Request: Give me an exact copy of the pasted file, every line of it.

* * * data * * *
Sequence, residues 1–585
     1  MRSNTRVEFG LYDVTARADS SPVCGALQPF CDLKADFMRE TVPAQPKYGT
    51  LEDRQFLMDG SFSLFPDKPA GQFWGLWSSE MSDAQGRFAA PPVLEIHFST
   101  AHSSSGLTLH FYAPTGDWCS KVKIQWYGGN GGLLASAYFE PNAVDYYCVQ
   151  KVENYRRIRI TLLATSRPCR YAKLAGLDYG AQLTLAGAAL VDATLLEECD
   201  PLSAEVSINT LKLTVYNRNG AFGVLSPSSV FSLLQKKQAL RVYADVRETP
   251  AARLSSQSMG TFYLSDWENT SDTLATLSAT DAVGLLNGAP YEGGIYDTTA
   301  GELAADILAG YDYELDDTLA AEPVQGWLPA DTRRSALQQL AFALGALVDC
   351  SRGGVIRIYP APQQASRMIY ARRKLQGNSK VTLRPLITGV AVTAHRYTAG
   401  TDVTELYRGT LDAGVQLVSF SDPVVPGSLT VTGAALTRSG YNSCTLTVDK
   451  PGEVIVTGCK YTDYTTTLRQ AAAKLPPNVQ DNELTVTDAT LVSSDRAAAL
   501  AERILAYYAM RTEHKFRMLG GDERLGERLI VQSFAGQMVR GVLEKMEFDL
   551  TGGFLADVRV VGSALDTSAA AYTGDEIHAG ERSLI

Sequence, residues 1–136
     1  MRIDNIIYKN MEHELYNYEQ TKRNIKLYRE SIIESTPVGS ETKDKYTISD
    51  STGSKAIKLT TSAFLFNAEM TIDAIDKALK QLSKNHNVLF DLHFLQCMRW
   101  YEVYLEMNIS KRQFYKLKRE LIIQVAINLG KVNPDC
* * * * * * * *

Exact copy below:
Sequence, residues 1–585
     1  MRSNTRVEFG LYDVTARADS SPVCGALQPF CDLKADFMRE TVPAQPKYGT
    51  LEDRQFLMDG SFSLFPDKPA GQFWGLWSSE MSDAQGRFAA PPVLEIHFST
   101  AHSSSGLTLH FYAPTGDWCS KVKIQWYGGN GGLLASAYFE PNAVDYYCVQ
   151  KVENYRRIRI TLLATSRPCR YAKLAGLDYG AQLTLAGAAL VDATLLEECD
   201  PLSAEVSINT LKLTVYNRNG AFGVLSPSSV FSLLQKKQAL RVYADVRETP
   251  AARLSSQSMG TFYLSDWENT SDTLATLSAT DAVGLLNGAP YEGGIYDTTA
   301  GELAADILAG YDYELDDTLA AEPVQGWLPA DTRRSALQQL AFALGALVDC
   351  SRGGVIRIYP APQQASRMIY ARRKLQGNSK VTLRPLITGV AVTAHRYTAG
   401  TDVTELYRGT LDAGVQLVSF SDPVVPGSLT VTGAALTRSG YNSCTLTVDK
   451  PGEVIVTGCK YTDYTTTLRQ AAAKLPPNVQ DNELTVTDAT LVSSDRAAAL
   501  AERILAYYAM RTEHKFRMLG GDERLGERLI VQSFAGQMVR GVLEKMEFDL
   551  TGGFLADVRV VGSALDTSAA AYTGDEIHAG ERSLI

Sequence, residues 1–136
     1  MRIDNIIYKN MEHELYNYEQ TKRNIKLYRE SIIESTPVGS ETKDKYTISD
    51  STGSKAIKLT TSAFLFNAEM TIDAIDKALK QLSKNHNVLF DLHFLQCMRW
   101  YEVYLEMNIS KRQFYKLKRE LIIQVAINLG KVNPDC